Blindness and Low Vision Resources

This unit helps students understand that the part of the body affected by blindness or low vision is the eye, and that someone who is blind or has low vision can use a variety of useful techniques and assistive technology to be independent and to participate in activities of daily life.

Key themes:

  • Blindness and low vision are among the many traits that contribute to making a person the individual that he or she is.
  • Individuals can experience a broad spectrum of visual disabilities, from having some usable vision to extremely limited or no vision.
  • People with blindness and low vision make individual choices regarding mobility (sighted guide, cane, guide dog).
  • Technology is playing an increasingly important role in enabling people with blindness and low vision to do everyday tasks and to function more independently.
  • Blindness may affect the way someone does things, but they still want to be included and to have friends.

Suggested reading – Two great books!

We suggest reviewing our extensive guide to finding suggested reading titles online, for free or at very low cost, here https://understandingourdifferences.org/findbooks

Picture Book: Six Dots: A Story of Young Louis Brailleby Jen Bryant

For Grades 1-4

 

Image shows cover art for book Six Dots; drawing of Louis Braille as a teenager with a book in front of him

Listen to author Jen Bryant talk about the inspiration for her wonderful book!

 

And go to her webpage for all things Six Dots:

https://www.jenbryant.com/books/inprint/bk_sixdots.html

including a downloadable discussion guide:

Image of discussion guide header for Six dots - links to downloadable pdf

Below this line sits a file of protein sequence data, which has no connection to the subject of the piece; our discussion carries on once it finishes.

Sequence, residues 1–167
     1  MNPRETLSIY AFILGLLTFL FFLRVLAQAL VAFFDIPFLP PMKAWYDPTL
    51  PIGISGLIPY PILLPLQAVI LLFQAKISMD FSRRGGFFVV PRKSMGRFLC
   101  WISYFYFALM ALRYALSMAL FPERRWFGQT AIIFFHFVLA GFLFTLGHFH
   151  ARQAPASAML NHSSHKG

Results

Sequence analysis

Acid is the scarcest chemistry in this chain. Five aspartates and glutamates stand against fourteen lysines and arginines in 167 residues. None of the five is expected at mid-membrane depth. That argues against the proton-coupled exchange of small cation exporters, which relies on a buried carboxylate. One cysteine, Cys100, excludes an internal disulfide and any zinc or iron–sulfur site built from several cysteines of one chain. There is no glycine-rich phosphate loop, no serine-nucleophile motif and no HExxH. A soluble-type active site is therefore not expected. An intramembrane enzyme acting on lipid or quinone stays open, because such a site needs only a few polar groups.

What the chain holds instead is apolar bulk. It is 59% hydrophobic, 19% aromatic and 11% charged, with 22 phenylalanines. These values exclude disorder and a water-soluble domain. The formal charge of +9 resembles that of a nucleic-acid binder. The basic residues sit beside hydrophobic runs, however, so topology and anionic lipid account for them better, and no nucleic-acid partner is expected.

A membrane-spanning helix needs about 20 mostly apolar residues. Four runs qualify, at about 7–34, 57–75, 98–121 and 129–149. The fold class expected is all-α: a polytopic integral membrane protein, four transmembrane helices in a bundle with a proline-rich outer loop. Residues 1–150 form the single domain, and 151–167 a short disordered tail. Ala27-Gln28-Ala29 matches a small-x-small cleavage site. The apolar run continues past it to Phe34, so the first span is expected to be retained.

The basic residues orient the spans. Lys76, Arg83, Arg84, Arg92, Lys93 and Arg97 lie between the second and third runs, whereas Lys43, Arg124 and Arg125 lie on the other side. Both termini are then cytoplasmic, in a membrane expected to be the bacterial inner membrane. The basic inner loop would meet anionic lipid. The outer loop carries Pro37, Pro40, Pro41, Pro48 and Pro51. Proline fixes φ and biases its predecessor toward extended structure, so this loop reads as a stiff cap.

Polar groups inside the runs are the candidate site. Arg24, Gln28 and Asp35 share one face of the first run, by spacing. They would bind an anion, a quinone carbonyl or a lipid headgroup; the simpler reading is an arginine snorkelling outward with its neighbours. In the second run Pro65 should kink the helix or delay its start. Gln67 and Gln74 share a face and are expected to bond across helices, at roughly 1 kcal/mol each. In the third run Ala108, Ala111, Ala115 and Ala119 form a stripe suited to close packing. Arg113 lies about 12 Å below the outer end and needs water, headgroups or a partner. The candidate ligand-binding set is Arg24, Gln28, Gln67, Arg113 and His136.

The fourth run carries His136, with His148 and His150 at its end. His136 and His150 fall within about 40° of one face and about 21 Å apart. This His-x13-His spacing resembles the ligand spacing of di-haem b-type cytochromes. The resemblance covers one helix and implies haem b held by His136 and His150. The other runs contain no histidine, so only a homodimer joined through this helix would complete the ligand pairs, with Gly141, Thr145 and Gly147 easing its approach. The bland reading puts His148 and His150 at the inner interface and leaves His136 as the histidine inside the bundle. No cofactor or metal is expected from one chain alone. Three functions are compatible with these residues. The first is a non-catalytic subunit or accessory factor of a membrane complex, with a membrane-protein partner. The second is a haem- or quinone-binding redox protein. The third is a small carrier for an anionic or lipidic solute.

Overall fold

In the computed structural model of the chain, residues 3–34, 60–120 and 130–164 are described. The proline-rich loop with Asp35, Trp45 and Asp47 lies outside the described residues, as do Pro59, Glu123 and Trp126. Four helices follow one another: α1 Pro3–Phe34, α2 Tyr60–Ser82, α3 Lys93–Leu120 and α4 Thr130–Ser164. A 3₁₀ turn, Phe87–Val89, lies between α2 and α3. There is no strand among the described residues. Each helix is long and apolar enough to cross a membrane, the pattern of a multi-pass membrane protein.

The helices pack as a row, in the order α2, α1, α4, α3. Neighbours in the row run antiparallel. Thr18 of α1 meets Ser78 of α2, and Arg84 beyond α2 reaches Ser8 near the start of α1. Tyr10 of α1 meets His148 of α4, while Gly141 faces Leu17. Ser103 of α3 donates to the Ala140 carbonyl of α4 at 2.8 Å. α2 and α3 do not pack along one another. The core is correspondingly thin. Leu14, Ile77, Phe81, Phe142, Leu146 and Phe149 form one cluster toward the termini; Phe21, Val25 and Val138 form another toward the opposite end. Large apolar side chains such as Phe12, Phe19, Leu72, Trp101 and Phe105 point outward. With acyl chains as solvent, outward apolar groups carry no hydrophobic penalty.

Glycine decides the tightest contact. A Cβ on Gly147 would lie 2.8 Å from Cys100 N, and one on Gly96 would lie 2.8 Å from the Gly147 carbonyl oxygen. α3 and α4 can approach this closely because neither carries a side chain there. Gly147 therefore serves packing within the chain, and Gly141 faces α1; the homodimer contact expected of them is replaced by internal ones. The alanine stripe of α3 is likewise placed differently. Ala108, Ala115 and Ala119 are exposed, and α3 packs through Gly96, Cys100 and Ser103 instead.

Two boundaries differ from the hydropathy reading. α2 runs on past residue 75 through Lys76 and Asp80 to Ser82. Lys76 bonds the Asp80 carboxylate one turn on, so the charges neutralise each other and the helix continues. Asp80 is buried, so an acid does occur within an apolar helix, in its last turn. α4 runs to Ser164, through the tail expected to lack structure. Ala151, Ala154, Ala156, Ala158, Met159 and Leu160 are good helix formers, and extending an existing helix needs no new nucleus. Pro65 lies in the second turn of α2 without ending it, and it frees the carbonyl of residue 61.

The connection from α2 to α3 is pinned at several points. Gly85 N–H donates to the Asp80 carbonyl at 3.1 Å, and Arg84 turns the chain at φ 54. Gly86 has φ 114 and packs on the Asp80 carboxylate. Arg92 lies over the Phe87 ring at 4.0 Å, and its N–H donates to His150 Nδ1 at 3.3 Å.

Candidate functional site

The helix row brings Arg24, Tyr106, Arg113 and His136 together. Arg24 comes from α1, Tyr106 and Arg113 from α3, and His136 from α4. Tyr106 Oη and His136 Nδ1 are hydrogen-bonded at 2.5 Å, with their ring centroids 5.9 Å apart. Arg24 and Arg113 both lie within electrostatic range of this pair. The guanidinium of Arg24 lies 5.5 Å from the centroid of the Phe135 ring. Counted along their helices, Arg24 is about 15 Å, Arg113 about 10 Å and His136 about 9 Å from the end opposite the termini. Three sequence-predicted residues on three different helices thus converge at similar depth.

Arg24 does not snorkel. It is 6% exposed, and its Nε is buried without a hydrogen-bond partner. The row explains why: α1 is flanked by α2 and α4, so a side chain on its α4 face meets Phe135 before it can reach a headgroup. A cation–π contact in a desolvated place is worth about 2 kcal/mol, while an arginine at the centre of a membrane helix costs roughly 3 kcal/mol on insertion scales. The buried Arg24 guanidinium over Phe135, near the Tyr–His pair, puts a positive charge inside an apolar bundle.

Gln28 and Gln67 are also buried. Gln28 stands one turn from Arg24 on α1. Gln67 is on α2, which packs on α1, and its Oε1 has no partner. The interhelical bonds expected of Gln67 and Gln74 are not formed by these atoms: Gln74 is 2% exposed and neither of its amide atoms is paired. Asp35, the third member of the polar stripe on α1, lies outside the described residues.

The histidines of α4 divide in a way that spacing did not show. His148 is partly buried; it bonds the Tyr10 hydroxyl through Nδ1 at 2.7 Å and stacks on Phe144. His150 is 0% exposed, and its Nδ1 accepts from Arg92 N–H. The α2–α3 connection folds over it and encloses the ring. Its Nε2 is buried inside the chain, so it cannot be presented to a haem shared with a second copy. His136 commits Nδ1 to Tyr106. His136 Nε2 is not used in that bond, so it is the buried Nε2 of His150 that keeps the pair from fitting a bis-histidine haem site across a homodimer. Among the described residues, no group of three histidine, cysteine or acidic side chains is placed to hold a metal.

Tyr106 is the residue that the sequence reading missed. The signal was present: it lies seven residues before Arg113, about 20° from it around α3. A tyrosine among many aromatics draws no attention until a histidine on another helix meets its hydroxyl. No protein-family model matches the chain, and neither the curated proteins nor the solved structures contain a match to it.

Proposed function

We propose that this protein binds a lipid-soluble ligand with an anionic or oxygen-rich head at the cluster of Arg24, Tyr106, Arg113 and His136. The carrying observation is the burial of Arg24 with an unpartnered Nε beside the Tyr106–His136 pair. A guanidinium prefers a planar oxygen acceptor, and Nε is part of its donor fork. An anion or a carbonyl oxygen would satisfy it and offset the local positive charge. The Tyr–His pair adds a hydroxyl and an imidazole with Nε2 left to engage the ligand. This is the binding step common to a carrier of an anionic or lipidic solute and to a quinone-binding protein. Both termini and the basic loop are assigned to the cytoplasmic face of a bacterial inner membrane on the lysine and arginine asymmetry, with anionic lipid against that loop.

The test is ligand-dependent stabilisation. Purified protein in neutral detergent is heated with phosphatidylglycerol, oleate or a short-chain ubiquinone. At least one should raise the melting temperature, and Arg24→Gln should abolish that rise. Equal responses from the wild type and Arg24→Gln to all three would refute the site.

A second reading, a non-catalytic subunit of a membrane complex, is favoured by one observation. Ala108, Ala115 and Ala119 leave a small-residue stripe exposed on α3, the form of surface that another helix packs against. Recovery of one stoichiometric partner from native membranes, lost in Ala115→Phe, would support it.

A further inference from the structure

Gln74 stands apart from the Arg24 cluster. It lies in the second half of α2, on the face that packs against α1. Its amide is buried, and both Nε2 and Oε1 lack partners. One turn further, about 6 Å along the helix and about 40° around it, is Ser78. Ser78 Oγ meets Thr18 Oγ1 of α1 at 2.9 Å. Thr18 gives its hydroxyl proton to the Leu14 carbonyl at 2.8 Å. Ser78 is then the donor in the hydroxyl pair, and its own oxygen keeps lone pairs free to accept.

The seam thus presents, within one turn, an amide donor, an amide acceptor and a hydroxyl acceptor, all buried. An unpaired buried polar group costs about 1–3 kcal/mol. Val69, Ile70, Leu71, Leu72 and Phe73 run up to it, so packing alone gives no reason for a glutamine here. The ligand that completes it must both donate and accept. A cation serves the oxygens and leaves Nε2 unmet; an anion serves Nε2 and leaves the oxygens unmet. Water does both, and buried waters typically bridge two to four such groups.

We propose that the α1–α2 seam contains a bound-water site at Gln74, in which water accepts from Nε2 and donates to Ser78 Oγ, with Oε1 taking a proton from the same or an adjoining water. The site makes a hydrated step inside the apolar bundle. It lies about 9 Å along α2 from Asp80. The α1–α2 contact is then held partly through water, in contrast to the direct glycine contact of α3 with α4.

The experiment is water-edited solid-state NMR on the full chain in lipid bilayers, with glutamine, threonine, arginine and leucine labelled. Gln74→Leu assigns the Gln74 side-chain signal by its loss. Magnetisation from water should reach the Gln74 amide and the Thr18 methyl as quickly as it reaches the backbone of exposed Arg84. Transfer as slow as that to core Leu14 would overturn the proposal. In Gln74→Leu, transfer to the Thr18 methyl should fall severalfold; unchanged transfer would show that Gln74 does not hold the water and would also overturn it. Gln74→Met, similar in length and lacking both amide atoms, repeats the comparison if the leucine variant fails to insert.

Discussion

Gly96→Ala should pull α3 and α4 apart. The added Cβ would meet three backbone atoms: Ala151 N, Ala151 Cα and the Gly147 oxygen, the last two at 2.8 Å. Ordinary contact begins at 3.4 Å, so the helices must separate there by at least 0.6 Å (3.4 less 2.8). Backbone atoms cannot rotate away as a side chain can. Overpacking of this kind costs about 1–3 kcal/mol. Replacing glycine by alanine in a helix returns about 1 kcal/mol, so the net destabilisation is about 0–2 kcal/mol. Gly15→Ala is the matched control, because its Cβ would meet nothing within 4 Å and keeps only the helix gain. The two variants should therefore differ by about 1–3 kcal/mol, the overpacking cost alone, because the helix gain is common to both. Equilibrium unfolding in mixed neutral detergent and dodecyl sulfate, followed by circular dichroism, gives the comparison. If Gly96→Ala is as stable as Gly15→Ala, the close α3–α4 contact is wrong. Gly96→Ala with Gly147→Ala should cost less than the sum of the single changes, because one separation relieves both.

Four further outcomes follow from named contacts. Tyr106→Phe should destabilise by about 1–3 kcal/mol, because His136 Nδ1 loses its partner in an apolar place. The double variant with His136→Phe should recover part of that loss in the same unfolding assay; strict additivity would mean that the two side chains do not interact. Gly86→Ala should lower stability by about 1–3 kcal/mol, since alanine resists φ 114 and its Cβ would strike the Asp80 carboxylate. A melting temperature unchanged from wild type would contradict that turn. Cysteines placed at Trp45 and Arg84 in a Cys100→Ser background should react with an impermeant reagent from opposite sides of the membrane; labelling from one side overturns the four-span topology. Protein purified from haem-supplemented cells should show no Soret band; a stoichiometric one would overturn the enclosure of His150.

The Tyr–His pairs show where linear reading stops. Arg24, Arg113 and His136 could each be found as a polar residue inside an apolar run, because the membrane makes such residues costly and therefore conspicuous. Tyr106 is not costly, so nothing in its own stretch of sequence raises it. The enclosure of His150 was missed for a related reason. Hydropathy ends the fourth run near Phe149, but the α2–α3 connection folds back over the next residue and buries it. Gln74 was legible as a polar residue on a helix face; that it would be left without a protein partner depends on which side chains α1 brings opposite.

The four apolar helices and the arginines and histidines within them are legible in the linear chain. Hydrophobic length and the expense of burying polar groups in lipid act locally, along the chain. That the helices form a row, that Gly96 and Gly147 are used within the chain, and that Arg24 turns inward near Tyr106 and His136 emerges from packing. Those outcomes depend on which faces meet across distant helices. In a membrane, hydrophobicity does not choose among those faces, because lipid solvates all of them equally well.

Chapter BookBlind Guide to Stinkville, by Beth Vrabel

For Grades 2-7

Summary: Before Stinkville, Alice didn’t think albinism—or the blindness that goes with it—was a big deal. Sure, she uses a magnifier to read books. And a cane keeps her from bruising her hips on tables. Putting on sunscreen and always wearing a hat are just part of life. But life has always been like this for Alice. Until Stinkville.

 
Cover art of A Blind Guide to Stinkville by Beth Vrabel
 
Questions to consider
  • How would you describe Alice to a friend?
  • Did characters make assumptions about a person with disabilities?  How did the characters change their attitude as the story progressed?
  • What challenges does someone with low vision have in school that may prevent them from being able to learn?  What tools can they use to help them?
  • How does Alice change as the story unfolds?  How does she advocate for herself? 
  • What tasks does she accomplish that surprised you?
  • Why do you think being independent is important to Alice?
  • What are some of the things Alice noticed that others in the story didn’t?
 
A Chat With Beth Vrabel About Her Middle Grade Novel “A Blind Guide to Stinkville”
 

Web-based resource: BrailleBug.org by American Printing House for the Blind

Braille Bug  Image of webpage Braille Bug

Learn about Braille, play games, write secret messages, and learn more about Louis Braille and Helen Keller.

Offline activity:

More about braille at BrailleBug.org:

Downloadable pdf of Braille Bug workbook